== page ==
Keep digging for the truth.

  • Cameron

    this article is not only inaccurate but also poorly thought through. they only state that corn based ethanol will cause an increase in greenhouse gasses, yet they then brush that upon all biofuels. it has been known for years that corn based ethanol in the USA requires more energy input than is achieved as output when burned through a conventional petrol engine. the solution to that is using different feed stocks in production such as sugar cane, wheat or any other sugar producing crop. at the moment it is only corn based ethanol that is believed to be an inefficient use of energy, not all biofuels. Biodiesel can be made from just as many varied feed stocks with a significant improvement on energy output and far greater carbon dioxide capture rate than most bio-ethanol production processes.

    greater thought needs to be put into articles about such important matters.

  • BB

    The distinction between corn-based and cellulosic ethanol is made here:

  • Larry39

    Wahoo! ! STEAM is the answer! A hydrogen-powered fuel cell can produce the steam necessary to power a lightweight auto. Only discharge is drinkable water! Would be a radical reduction in demand for raw materials, as cars could be much lighter and simpler. 86 the cooking oil idea. Too many undesirable combustion products, plus, we would have more Big Macs and fries than ever.

    You got a question, send it to Jay Leno. He knows something about all kinds of cars ( he owns about 200, of ALL kinds, and drives them. His collection you would give three or four lifetimes to own! ).

    Tha’s all! Got to go water my corn plant. Think how much water 900,000 acres of corn would need.

  • Andy

    How do you figure a hydrogen powerplant reduces demand for raw materials? Are you pumping hydrogen out of the ground somewhere? Or do you think fuel comes from filling stations and milk comes from grocery stores?

  • anonymus

    why even bother with ethanol when hybrid-electrics have the ability to recharge themselves while you drive them,thus making it non dependent on powerplants yet still only sipping gas with the small internal combustion engine?

  • Anonymous

    It might be interesting to see where the funding for these studies came from. It sounds to me like propaganda with an agenda attached. Someone wants maintain the status quo. Nature conservancy of coarse wants to keep the price of land low because they are in the business of buying land. If farmers are making a profit growing ethanol producing crops, the value of land goes up—which is bad for Nature Conservancy.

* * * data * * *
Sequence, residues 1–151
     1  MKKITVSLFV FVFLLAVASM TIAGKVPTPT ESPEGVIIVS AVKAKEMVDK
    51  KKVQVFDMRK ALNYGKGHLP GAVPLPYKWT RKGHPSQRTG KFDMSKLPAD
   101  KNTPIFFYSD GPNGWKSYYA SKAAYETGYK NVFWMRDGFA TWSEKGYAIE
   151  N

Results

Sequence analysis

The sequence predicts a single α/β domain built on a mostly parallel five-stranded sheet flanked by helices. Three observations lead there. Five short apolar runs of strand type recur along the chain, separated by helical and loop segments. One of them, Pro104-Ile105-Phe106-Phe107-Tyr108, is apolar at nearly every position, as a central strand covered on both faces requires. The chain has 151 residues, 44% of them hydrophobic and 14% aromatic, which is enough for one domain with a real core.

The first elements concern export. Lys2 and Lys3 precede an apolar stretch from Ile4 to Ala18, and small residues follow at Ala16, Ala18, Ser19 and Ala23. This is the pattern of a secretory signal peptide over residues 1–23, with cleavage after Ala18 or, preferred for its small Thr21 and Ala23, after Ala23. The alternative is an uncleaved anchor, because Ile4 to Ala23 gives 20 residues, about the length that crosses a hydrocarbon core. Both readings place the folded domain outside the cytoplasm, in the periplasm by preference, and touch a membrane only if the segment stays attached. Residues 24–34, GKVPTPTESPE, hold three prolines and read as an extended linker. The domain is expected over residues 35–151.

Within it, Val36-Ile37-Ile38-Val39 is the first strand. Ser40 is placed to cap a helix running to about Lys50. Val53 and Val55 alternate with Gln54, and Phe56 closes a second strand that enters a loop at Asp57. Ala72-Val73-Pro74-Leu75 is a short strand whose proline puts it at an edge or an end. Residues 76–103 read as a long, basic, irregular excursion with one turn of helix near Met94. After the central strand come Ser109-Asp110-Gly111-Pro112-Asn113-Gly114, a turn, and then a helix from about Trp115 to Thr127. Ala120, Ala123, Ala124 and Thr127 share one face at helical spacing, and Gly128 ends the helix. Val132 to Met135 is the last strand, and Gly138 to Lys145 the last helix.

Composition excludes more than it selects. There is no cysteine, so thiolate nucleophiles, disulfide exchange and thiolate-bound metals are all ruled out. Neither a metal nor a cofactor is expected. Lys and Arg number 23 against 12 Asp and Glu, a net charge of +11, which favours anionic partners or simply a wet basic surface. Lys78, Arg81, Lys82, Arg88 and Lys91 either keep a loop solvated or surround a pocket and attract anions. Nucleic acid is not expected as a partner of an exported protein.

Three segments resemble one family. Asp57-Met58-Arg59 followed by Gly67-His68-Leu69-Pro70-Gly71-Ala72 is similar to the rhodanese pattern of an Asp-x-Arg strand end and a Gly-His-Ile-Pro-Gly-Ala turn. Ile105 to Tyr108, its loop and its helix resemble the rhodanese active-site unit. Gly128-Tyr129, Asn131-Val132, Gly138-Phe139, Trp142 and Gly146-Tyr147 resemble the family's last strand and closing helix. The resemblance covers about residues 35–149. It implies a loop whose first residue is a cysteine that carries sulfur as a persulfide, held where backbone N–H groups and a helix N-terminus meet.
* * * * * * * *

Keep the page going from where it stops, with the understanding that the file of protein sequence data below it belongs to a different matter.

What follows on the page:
There are no published figures on the sources that Princeton U. gets funding from, however there are two major sources, government and business. Government under Bush and crew already are well known about lying to us about environmental issues. It takes court orders to force our government officials to perform their sworn duties to protect the environment. And of coarse, it is no secret which side of the environmental issues big business is going to be on.
    Hey folks—use your common sense, and analyze where the money is coming from and going to. These are just anti-environmental propaganda wrapped in cloak of psuedo-science to sound believable. The “scientists” who wrote these studies are prostitutes for cash.

  • Anonymous

    BTW—why bother with ethanol????

    Becuase oil is running out—MUCH faster than you have been told.

    Even without greenhouse gas concerns—we need to replace oil with something, and we need to do it fast. Ethanol is the only technology that meets all of the needs, is available now, is well tried and proven, and can be implemented with the least disruption to the currnent infrastructure.

    Exotic technologies are exciting to read about—-but 250 million car owners in the US aren’t going to run out and buy a new car tomorrow because it is wonderful technology with lots of glowing hupe.

  • Erik

    Really? That’s too bad. I really thought biofuels are safe for the environment. Oh well. I hope there are some discrepancies to that studies. –Auto Dude

  • John Moore

    Oilfield equipment

    Wow i am surprised

  • John Moore

    So is this saying that it is twice as bad?


  • jonak

    Its just corn based ethanol which uses only the seed which is the issue; If you used the whole plant, especially of something more like a weed (eg swith grass) then you could eliminate the fertilizer/land use/pesticide part of the carbon footprint.

    It would be better to put a significant tax on gasoline ($2 a gallon), remove the gross subsidies on corn production, and let market forces decide what fuels to substitute for gasoline.

  • illivybluerce